City to look at potential new development in the mall area
By Adam Hocking
MARSHFIELD — A developer has approached the city of Marshfield with interest in investing in and around the Marshfield Mall. The city has not made public who the developer is or what exactly the scope of the project would include, though City Administrator Steve Barg did say that it was “commercial in nature.”
The Marshfield Common Council unanimously approved a budget resolution last night to enter into a contract with consulting firm Vierbicher Associates Inc., who will assist the city in determining whether or not to expand the borders of one of the city’s tax incremental finance (TIF) districts to include the area the developer is interested in or to create a new TIF district for that area. The district in question is TIF district 9, which currently encompasses the areas running east and west from North Central Avenue to North Cedar Avenue and from East Ives Street to just south of the Braem Park tennis courts. Included in that district are Dunkin’ Donuts and Burger King.
TIF financing is defined on the city of Marshfield’s website as follows:
“TIF funds originate from the tax money generated from an improvement or development greater than the tax generated by the site before the improvement or development. This tax increment money is then allocated to the City for its use in making street, water, and sewer improvements in the District during the life of the District. At the end of the TIF term, all of the taxes will again be paid to the regular taxing bodies but at a much higher assessed valuation than would have been possible without the TIF.”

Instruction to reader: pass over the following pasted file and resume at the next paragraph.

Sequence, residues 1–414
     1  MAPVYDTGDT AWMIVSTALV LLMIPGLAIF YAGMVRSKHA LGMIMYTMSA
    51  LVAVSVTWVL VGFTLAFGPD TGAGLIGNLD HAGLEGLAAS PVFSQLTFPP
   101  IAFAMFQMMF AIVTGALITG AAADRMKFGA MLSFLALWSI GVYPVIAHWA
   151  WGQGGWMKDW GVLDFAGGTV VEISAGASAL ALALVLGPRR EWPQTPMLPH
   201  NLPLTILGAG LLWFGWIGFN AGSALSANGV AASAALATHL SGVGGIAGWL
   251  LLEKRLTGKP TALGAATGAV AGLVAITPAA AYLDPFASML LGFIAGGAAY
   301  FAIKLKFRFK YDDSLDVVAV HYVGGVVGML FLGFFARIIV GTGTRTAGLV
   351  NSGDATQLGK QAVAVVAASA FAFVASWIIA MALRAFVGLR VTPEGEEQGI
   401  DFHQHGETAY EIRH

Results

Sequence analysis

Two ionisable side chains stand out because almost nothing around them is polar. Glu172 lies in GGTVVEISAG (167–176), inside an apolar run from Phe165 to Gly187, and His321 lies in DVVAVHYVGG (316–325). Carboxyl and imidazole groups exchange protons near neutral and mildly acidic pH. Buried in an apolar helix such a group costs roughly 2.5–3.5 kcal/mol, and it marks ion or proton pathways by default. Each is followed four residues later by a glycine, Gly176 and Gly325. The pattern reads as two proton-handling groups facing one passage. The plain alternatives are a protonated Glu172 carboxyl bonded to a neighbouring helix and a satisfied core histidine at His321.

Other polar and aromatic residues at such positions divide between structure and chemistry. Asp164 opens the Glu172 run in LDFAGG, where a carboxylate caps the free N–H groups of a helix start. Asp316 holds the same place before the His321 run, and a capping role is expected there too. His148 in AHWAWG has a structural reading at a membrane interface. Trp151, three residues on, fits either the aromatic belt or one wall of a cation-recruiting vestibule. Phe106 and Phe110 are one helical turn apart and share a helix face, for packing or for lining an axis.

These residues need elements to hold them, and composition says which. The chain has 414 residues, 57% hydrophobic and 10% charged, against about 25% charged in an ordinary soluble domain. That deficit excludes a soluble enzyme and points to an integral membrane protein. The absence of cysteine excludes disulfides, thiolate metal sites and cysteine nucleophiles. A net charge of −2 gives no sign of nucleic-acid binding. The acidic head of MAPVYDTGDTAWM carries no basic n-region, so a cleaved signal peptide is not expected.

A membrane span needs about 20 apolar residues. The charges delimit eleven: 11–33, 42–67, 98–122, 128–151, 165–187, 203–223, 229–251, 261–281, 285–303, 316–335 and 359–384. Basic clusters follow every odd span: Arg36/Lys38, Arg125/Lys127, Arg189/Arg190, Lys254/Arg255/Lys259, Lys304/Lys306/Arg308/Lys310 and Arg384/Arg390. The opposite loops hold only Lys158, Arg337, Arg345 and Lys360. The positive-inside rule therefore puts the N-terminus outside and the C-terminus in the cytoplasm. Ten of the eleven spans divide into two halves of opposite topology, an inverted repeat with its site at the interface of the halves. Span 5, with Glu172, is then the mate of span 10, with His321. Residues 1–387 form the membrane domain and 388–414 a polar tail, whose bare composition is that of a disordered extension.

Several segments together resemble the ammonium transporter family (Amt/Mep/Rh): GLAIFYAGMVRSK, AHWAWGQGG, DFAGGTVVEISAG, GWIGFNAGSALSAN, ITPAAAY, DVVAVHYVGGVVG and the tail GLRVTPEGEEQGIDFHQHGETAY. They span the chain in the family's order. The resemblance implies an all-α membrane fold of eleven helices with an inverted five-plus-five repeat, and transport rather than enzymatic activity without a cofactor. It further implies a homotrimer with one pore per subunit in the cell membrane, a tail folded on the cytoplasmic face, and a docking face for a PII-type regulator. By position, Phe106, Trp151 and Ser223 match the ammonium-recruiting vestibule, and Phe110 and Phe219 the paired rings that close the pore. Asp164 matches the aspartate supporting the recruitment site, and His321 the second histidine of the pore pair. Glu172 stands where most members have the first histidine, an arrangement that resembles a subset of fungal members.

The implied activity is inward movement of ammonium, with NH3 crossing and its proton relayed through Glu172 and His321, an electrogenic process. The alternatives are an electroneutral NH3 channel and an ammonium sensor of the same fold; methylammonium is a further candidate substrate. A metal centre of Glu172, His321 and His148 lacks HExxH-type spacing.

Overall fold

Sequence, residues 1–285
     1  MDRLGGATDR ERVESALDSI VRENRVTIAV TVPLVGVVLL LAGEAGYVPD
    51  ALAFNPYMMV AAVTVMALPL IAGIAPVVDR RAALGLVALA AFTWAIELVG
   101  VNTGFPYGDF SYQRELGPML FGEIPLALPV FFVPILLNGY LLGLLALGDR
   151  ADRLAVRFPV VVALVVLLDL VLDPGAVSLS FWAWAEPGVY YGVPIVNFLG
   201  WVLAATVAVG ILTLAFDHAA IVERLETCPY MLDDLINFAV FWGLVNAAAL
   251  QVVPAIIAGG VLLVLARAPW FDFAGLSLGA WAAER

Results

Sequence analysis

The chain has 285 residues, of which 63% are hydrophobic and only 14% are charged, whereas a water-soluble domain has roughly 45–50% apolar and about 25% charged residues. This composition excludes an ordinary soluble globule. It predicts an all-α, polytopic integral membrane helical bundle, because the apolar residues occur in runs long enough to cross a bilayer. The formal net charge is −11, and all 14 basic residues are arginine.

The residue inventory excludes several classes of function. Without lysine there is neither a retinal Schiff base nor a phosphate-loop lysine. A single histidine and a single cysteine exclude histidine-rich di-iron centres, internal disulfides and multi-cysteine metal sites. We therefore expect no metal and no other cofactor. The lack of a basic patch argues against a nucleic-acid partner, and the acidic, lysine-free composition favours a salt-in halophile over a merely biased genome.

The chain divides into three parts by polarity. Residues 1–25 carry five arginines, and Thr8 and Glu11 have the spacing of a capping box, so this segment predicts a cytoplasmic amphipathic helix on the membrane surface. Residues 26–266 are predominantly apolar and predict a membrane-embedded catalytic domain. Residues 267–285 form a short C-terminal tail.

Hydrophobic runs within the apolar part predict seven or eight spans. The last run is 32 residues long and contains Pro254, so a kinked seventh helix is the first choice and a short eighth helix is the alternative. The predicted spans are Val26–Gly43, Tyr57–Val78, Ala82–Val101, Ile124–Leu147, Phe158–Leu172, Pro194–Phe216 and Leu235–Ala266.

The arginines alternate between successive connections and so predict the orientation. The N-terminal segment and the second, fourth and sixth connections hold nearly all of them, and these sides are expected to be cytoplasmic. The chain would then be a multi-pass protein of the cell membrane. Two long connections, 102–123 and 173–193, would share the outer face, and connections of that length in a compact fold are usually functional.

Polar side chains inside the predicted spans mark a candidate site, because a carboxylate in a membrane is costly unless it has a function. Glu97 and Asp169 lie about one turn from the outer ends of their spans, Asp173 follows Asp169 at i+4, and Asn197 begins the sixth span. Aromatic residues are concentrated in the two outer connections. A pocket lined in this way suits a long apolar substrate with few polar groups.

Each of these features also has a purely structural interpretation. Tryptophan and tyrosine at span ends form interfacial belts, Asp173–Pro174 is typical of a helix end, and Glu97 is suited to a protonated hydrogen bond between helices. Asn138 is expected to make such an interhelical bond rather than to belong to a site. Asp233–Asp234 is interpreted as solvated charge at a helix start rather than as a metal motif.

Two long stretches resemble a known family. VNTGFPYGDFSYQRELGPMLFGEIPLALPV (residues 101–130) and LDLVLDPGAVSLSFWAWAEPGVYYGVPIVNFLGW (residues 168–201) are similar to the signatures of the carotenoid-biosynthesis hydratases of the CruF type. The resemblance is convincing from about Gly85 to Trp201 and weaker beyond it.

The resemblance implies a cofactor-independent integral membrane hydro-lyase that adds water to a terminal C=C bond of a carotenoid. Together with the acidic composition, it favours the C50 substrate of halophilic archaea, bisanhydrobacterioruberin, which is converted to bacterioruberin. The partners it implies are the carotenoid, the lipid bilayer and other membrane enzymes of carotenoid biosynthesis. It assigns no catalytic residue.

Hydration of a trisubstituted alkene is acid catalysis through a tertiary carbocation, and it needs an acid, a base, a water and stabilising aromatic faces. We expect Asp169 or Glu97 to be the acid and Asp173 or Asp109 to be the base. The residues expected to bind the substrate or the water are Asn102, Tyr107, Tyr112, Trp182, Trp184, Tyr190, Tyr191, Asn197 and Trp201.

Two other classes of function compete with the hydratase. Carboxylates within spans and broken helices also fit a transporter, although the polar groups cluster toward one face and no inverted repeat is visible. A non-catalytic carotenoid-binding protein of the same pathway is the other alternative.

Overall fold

TIF financing is attractive to the developer, Barg said, because it can allow for public improvements — such as street or other infrastructure enhancements — to be done to the area of interest.
“The typical use of tax increment financing dollars … is two-fold. One is to cover the cost of public improvements to make a project successful or to make it work. The other would be actually some type of development incentive along the lines of a grant, which would say, ‘Based on the fact that we know that in next five years and seven years and 10 years your improvement that you’re committing to, the value of that improvement you’re committing to actually will more than cover the cost of any outlay that we spend,’” said Barg.
Vierbicher will provide a wide scope of services related to the project including but not limited to: working with city staff on financial projections and timelines, helping to “coordinate publishing of notices and agendas for public meetings” on the matter, and drafting a project plan for the TIF district that would include a “detailed list of estimated project costs” and an economic feasibility study.
“One of their main roles is going to be to try to calculate, based on what we tell them, the new incremental value that could be created, how that would go, how long it would take us to pay off the expected debt from any improvements,” Barg said of Vierbicher’s role.
The cost of Vierbicher’s services to the city will be $11,900. That money will come from funds that were borrowed in anticipation of further development in TIF district 9 that did not occur. Barg said the project to potentially amend the boundaries of the district would take about 60 days.